December 31, 2010

2010 Research Highlights — Insights from the Lab

Noteworthy Advances in Basic Research

NIH has about 6,000 staff scientists and supports more than 325,000 researchers at more than 3,000 institutions in the United States and around the world. Here's just a small sampling of the accomplishments made by NIH-supported scientists in 2010.

Structure of Receptor Involved in Cancer, HIV Infection

NIH-funded scientists determined the 3-dimensional structure of a protein involved in HIV infection and many forms of cancer. Using X-ray crystallography, the scientists captured snapshots of the protein, called CXCR4, bound to molecules that inhibit its activity. The images reveal how CXCR4 molecules form closely linked pairs, with inhibitors bound to their sides. The accomplishment could point to ways of locking out HIV and stalling cancer's spread. PubMed Abstract »

Making a Lung Replacement

NIH-funded researchers made transplantable lung grafts for rats. The team built on recent advances in decellularization—the process of removing cells from a structure but leaving the architecture of the original tissue intact. The scientists showed that the engineered lungs functioned in the animals. They were also able to decellularize human lung segments while preserving their architecture. The study could pave the way for the development of an engineered human lung. PubMed Abstract »

Controlling Computers with Your Mind

A brain-computer interface let people control pictures on a computer screen by activating just a few brain cells. NIH-funded scientists monitored brain cell activity via wires that sent information from patients’ brains to a computer. In a simple computer game, participants were able to use their thoughts to control the images on the monitor nearly 70% of the time. The findings shed light on how single brain cells contribute to attention and conscious thought. PubMed Abstract »

Gut Bacteria May Influence Metabolic Syndrome

An NIH-funded study suggested that gut microbes, along with part of the immune system, may contribute to metabolic syndrome. Mice lacking an important immune receptor grew heavier than control mice and developed several features of metabolic syndrome. When gut microbes from these mice were transplanted into control mice, the recipient mice overate, became obese and diabetic. The next step will be to explore how gut microbes affect people's eating behavior. PubMed Abstract »

Coaxing the Body’s Cells to Repair Damaged Joints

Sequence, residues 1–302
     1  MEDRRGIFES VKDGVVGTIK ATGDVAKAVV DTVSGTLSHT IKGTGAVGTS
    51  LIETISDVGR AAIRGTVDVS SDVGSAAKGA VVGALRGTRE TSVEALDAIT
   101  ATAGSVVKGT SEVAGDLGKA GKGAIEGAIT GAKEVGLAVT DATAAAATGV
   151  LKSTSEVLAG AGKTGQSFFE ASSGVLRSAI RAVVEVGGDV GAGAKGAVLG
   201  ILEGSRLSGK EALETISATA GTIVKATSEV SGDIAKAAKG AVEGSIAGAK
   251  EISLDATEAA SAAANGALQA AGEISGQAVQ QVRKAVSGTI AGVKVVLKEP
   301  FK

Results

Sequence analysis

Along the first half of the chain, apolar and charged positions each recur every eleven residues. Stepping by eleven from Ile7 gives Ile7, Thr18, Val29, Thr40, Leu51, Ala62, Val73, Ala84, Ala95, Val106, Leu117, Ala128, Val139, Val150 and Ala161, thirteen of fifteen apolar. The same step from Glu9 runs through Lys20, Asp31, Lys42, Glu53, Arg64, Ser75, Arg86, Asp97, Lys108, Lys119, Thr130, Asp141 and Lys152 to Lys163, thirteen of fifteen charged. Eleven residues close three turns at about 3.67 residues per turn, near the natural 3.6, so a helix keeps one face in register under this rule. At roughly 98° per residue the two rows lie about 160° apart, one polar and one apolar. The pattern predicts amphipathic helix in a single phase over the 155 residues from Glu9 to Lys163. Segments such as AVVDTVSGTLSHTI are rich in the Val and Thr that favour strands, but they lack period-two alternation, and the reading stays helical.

NIH-supported scientists developed a technique to regenerate damaged leg joints in rabbits. The researchers created porous scaffolds in the shape of leg bone tips and added a gel to aid cartilage development. By 3 to 4 weeks after surgery, the rabbits could move around almost as well as normal rabbits. Within 4 months, both bone and cartilage had regenerated. The accomplishment could point the way toward joint renewal in humans. PubMed Abstract »

Neanderthal Genome Sequenced

An international research team, including NIH scientists, produced the first whole-genome sequence of the Neanderthal genome—the closest evolutionary relative to humans. Neanderthal DNA is 99.7% identical to present-day human DNA and 98.8% identical to chimpanzee DNA. Present-day human DNA is also 98.8% identical to chimpanzee. The analysis suggests that up to 2% of the genome of present-day people outside of Africa originated in Neanderthals or their ancestors. PubMed Abstract »

Silk Helps Make Ultrathin Brain Interface

NIH-funded scientists developed ultrathin flexible implants made with a silk base that dissolves once it makes contact with the brain, allowing the electrode array to collapse into the brain’s grooves and stretch over its rounded surfaces. The ultrathin implants can record brain activity more faithfully than thicker implants. The new technology allows for closer interaction between machines and living tissue, paving the way for more advanced implantable devices. PubMed Abstract »

Stress Hormone Causes Epigenetic Changes

Researchers found that chronic exposure to a stress hormone altered DNA in the brains of mice, prompting changes in gene expression. NIH-supported scientists found that giving mice a stress hormone caused epigenetic modifications—changes to DNA that don’t alter sequences but influence gene expression—to a gene that has been tied to posttraumatic stress disorder and mood disorders in people. The finding provides clues into how stress might affect behavior. PubMed Abstract »